It was revealed last week that a carbon credit and diamond fraud trial has collapsed, and that a number of existing convictions are now at risk, due to an expert witness used by the prosecution turning out not to be much of an expert after all.
Carbon credit scams were the cryptocurrency scam of the early 2010s. The setup was simple and age-old: take an asset that the man on the street is vaguely aware has some sort of value, but no idea how much value, and sell it to him for massively more than it is actually worth, on the pretense it will be worth a lot more in the future.
It is a variant of scams involving fine wine, art or whisky, where again you sell something for massively more than it is worth on the basis it will be worth more in the future. Carbon credits and more recently cryptocurrency gave the scam an added layer of mystique, thanks to the fact that the asset was relatively new.
It should be emphasised that the defendants in this case are innocent of running the type of scam described above.
Andrew Ager was used as an expert witness in 20 trials and up to 50 police investigations to tell courts there were no secondary markets in carbon credits.
In a trial against eight men accused of defrauding investors out of £3.5 million, it turned out upon cross-examination that Ager, according to The Times,
had admitted that he had no relevant academic qualifications and although he claimed to have taken three A-levels he could not recall if he had passed any.
He had not read any books about the carbon credit markets, had not kept any record of the material given to him by the police, had lost some sensitive material, and other papers had been damaged by a “leak”. He allegedly tried to dissuade Marius Frunza, who has a PhD from Sorbonne university, from giving evidence on behalf of the defence by telling him misleading information about the case.
On the back of this, the defence team for one of the accused made further applications to establish the extent of disclosure failings. The prosecution disclosed that they had also held damaging material about another expert witness which it had not disclosed to the defence. The prosecution then threw in the towel before police officers or CPS lawyers could be cross-examined.
The convictions of an unspecified number of people who have successfully been convicted of running carbon credit scams in trials which also involved testimony from Ager are now in doubt. The Crown Prosecution Service is to conduct a review of all such cases.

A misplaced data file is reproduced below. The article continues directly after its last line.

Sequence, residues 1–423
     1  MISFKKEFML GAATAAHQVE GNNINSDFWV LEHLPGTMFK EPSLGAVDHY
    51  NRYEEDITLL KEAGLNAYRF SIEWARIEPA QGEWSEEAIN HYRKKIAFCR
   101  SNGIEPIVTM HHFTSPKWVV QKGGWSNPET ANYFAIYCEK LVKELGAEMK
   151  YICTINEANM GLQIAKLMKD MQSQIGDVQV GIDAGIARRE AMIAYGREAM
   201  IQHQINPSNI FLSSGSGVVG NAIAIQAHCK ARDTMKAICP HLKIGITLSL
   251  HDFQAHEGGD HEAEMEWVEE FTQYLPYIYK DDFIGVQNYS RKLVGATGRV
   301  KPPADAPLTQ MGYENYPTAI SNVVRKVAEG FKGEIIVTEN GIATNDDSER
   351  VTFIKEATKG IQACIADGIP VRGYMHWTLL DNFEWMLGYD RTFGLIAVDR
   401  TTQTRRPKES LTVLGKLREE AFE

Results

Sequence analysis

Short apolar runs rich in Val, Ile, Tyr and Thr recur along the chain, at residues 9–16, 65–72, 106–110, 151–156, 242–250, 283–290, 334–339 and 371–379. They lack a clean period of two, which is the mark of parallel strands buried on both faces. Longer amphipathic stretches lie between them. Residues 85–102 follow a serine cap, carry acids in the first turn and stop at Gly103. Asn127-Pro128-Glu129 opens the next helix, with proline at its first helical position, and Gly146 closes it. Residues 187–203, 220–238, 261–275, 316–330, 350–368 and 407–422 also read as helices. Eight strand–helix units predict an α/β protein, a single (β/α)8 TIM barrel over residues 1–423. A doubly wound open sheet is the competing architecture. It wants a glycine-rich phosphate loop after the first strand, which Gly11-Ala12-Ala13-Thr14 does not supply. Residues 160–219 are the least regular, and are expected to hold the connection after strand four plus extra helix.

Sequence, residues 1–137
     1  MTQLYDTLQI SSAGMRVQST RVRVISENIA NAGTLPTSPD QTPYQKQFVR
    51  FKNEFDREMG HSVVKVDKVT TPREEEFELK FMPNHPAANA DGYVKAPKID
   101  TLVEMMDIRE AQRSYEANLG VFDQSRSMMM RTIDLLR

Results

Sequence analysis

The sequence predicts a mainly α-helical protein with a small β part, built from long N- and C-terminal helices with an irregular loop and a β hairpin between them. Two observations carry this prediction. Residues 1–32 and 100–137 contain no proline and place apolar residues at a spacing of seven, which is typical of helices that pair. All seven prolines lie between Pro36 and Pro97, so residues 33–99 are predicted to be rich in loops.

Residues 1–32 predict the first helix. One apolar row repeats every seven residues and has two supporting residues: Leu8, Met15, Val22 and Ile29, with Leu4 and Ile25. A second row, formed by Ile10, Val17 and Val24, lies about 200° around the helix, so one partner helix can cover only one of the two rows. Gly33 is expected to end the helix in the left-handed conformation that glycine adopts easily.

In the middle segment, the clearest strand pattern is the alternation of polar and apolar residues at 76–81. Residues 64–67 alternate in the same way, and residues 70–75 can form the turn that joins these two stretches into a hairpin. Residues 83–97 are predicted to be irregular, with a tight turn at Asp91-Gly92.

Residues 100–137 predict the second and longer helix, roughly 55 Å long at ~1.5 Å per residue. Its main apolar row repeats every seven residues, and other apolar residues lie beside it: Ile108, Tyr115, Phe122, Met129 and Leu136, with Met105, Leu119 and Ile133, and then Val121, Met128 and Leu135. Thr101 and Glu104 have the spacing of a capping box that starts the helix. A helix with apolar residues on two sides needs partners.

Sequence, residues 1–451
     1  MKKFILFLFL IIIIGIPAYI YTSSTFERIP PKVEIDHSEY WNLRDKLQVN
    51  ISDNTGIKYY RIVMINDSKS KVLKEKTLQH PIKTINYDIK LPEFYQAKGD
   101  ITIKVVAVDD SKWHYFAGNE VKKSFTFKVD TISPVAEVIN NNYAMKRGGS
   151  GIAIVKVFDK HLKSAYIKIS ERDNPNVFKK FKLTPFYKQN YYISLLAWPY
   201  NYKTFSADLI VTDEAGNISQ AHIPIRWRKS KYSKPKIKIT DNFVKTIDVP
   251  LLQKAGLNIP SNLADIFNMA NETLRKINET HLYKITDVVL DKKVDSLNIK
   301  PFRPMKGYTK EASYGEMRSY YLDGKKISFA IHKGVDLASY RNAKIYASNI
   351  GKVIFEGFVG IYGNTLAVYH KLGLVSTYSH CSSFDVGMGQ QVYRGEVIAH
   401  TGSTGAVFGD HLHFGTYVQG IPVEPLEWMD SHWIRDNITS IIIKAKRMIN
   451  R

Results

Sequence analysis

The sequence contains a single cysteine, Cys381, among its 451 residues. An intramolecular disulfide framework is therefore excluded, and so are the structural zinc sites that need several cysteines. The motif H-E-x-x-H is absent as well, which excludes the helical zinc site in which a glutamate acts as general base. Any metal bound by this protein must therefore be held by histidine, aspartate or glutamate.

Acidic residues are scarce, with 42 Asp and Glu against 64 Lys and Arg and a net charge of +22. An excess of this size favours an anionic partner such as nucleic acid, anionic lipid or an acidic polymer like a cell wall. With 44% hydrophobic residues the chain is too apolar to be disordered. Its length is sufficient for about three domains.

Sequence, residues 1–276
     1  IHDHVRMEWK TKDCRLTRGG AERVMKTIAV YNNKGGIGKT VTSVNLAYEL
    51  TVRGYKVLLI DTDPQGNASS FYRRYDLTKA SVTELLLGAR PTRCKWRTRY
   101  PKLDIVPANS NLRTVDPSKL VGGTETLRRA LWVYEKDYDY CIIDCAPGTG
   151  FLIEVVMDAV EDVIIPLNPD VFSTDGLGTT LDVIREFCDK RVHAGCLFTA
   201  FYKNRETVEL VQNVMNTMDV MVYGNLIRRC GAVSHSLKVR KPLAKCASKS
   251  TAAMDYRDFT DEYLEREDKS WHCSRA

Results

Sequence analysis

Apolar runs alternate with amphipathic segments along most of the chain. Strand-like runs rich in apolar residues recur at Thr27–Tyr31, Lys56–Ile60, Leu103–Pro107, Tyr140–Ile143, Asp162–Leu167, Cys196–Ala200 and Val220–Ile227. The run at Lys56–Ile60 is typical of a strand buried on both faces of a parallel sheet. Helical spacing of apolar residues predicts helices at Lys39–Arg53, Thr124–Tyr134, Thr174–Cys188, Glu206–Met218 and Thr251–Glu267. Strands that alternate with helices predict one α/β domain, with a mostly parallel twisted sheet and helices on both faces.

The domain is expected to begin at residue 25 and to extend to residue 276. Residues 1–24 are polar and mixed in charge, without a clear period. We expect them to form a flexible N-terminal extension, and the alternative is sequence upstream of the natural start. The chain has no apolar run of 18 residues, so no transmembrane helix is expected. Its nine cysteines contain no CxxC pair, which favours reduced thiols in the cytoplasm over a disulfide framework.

What was the expert witness there for?
An alleged commodity scam is not complicated. If you can prove that
- the defendants cold-called people and sold them carbon credits at a massive markup to their actual value
- the defendants claimed that the carbon credits had a material chance of being worth significantly more than the investors were paying
then you have your fraud case. They rang people up, they said that carbon credits would go to the moon, they took their money. False representation, personal gain, done.
(Again, I will emphasise that the defendants in this case have established in court that they did no such thing.)
The key is not speculation about the future value of carbon credits but the market value of the carbon credits at the time they were sold, compared to the amount investors paid for them. If you pay someone market value for a commodity plus a reasonable dealing charge, then you’re taking a calculated risk that it may go up in the future. If you pay a markup of many times its market value then the chance of it going up in the future for you falls to virtually nil, and the accused must reasonably have known this.
What the market value of a carbon credit or diamond was at the time is what an expert witness may be needed for. It shouldn’t be that difficult to find someone who actually is an authority.
Whether there were or were not secondary markets in carbon credits should have been largely immaterial to the prosecution’s case. In any commodity scam, the price the victim pays for the asset is massively in excess of its value, and they stand no realistic chance of ever selling it for more than they paid for it, whether there is a market to sell them on or not.
Many fraud trials are complicated but this was not one of them. The Tesco accounting trial (where not even the SFO seemed to know who they were accusing of what) was complicated. The NatWest Three (involving a corporate finance shell game with Enron where even the victim couldn’t work out whether they’d been defrauded) was complicated.
A carbon credit fraud case is not. Either the accused lied about the value of what they sold to the alleged victim or they didn’t.
But carbon credit trials are also apparently not considered important enough for a basic level of attention to detail. If the defence could work out that Ager had no qualifications and was so flaky he couldn’t even remember how many A-levels he had, then so could the Crown Prosecution Service.
The collapse of the trial on such a simple and tangential point emphasises that fraud in the UK is not far off being one of those offences like shaking a carpet in the street or breaking an egg on the sharp end. Technically on the books but in reality non-existent. Except on the level of fake builders conning little old ladies out of a few thousand in aggregate, or accountants with gambling problems dipping into the till.
A fraud is simply a failed investment that wasn’t big enough to be too difficult for the authorities to prosecute.
City of London police are probably not the only ones fuming about the collapse of the trial.
Those who have in the past been successfully convicted of fraud in trials involving Ager’s testimony must now be asking their lawyers: if Ager collapsed on the stand so quickly, why the hell didn’t you cross examine him properly when I was in the dock?